Fellowswhip adopted the following MIA
the end of the Vietnam War,nearly 10,000 reports have been received
by the U.S. government relating to missing Americans who are still
alive in Southeast Asia, convincing many authorities that hundreds
are still languishing in communist prisons. They deserve no less
than America's very best efforts to determine their fates. If
any of them are alive, they must be brought home.
Adopted MIA: Jose Jesus
Gonzales Rank/Branch: E3/US Marine Corps Unit:
Marine Air Group 16 Date of Birth: 26
June 1944 Home City of Record: El
Paso TX - Date of Loss: 11
June 1967 - Country of Loss: South
Vietnam Loss Coordinates: 165454N 1065530E (YD048689) Status
(in 1973): Killed In Action/Body Not Recovered
Personnel In Incident: Dennis R. Christie, Charles
D. Chomel; John J. Foley; Curtis R. Bohlscheid; Thomas M. Hanratty;
Michael W. Havranek; James W. Kooi, Jim E. Moshier; John S. Oldham;
James E. Widener ( all missing )
Compiled by Homecoming II Project 15 June 1990 from one
or more of the following: raw data from U.S. Government agency
sources, correspondence with POW/MIA families, published sources,
Remarks: A/C CRASH-EXPLODED-NO
On 11 June 1967, 1LT Curtis Bohlscheid was the pilot of a CH46A
helicopter inserting a seven-man Marine Force Recon team into
a predesignated area 11 1/2 nautical miles northwest of Dong Ha,
South Vietnam -- right on the Demilitarized Zone (DMZ). A total
of four aircraft were involved in the mission, two CH46's and
two UH1E helicopter gunships. Bohlscheid flew the lead aircraft.
His crew included MAJ John S. Oldham, LCPL
Jose J. Gonzales (crew chief), and PFC Thomas M. Hanratty (crew
Mission on 11 June 1967: To Insert Members of the 3rd
Recon Company, 3rd Recon Battalion, 3rd Marine Division
of the 3rd Recon Company, 3rd Recon Battalion, 3rd Marine Division
who were being inserted were CPL Jim E. Moshier, LCPL Dennis R.
Christie, LCPL John J. Foley III, LCPL Michael W. Havranek, LCPL
James W. Kooi, PFC Charles D. Chomel, and PFC James E. Widener.
flight departed Dong Ha at about 11:15 a.m. and proceeded to the
insertion location. The gunships made low strafing runs over the
landing zone to clear booby traps and to locate any enemy troops
in the area. No enemy fire was received and no activity was observed.
The lead aircraft then began its approach to the landing zone.
At an estimated altitude of 400-600 feet, the helicopter was observed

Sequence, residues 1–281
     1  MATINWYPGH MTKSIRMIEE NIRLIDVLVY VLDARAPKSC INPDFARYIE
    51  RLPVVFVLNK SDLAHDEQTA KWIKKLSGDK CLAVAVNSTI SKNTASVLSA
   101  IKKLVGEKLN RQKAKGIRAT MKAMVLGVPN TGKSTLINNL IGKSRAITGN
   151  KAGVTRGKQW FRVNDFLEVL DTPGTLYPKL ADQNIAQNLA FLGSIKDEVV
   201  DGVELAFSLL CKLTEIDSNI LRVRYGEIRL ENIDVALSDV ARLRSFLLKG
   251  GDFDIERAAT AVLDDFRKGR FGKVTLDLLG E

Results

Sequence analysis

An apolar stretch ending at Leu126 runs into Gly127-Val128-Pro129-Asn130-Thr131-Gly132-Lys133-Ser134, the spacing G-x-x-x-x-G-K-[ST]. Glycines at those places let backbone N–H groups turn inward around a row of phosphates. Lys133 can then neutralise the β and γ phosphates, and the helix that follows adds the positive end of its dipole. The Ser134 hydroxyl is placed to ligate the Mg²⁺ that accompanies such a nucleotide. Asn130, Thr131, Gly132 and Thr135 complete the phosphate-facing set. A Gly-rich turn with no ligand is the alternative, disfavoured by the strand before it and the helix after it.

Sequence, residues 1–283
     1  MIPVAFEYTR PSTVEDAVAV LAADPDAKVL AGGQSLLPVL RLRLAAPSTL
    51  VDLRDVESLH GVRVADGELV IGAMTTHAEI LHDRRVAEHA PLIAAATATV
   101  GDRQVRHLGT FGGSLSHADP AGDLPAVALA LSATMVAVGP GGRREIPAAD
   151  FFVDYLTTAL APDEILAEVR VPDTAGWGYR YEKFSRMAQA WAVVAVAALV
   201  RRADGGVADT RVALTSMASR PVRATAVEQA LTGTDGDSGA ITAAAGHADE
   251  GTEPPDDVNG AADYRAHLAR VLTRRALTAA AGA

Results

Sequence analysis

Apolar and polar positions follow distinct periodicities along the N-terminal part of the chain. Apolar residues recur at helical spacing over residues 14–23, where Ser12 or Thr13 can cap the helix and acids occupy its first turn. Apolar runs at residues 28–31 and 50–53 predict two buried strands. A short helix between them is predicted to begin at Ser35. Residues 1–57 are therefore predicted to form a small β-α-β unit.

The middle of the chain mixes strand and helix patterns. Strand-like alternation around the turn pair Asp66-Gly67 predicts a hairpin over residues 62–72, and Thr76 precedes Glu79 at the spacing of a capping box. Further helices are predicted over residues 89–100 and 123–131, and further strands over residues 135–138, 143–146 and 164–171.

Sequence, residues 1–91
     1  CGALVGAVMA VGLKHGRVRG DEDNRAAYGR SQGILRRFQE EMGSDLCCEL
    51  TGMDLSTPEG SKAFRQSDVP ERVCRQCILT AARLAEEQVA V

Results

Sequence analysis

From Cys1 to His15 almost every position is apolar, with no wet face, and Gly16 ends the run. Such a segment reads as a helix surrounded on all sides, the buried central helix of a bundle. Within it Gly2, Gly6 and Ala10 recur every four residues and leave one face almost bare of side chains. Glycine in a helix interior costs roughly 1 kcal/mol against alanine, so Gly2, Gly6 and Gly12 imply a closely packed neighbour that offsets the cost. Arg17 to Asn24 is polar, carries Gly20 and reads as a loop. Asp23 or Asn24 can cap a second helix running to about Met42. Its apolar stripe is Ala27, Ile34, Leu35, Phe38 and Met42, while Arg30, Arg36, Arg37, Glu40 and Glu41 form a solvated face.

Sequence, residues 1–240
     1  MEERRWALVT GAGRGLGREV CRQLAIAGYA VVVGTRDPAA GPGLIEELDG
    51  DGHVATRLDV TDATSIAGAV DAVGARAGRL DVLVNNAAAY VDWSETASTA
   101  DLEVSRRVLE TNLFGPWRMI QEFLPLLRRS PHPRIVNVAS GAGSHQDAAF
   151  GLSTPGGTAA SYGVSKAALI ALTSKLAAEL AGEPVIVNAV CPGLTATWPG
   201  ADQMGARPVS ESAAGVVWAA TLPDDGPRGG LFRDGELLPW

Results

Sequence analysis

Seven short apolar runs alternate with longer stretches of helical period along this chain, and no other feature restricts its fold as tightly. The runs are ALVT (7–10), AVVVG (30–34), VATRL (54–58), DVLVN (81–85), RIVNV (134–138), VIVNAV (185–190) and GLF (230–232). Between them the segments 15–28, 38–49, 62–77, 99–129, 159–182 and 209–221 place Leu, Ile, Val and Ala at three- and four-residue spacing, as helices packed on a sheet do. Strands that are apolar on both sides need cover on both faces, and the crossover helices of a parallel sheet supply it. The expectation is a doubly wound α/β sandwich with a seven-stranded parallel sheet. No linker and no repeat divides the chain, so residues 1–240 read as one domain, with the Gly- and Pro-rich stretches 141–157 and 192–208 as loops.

to climb erratically, similar to an aircraft commencing a loop.
had been waiting for the opportune time to fire on the aircraft.
Portions of the rear blades were seen to separate from the aircraft
and a radio transmission was received from the aircraft indicating
that it had been hit. The helicopter became inverted and continued
out of control until it was seen to crash by a stream in a steep
efforts by ground units to reach the crash area failed due to
a heavy bunker complex surrounding the site. The ground units
inspected the site from within 500 meters through binoculars and
observed no survivors. All eleven personnel aboard the helicopter
were therefore classified Killed In Action, Body Not Recovered.
Other USMC records indicate that the helicopter also burst into
flames just prior to impacting the ground.
hundreds of others, however, simple answers are not possible.
Adding to the torment of nearly 10,000 reports relating to Americans
missing in Southeast Asia is the certain knowledge that some Americans
who were known to be prisoners of war were not released at the
end of the war. Others were suspected to be prisoners, and still
others were in radio contact with would-be rescuers when last
were known to have survived their loss incidents, only to disappear
without a trace. The problem of Americans still missing torments
not only the families of those who are missing, but the men who
fought by their sides, and those in the general public who realize
the full implication of leaving men unaccounted for at the end
of a war.
many authorities believe there are hundreds of Americans still
alive in captivity in Southeast Asia today. What must they be
thinking of us? What will our next generation of combat veterans
think, we were not allowed to go back and bring our brothers home
from Southeast Asia, if we could have, we would have.
Provided by: All
Biographical and loss information on POW's provided by Operation
Just Cause have been supplied by Chuck and Mary Schantag of POWNET.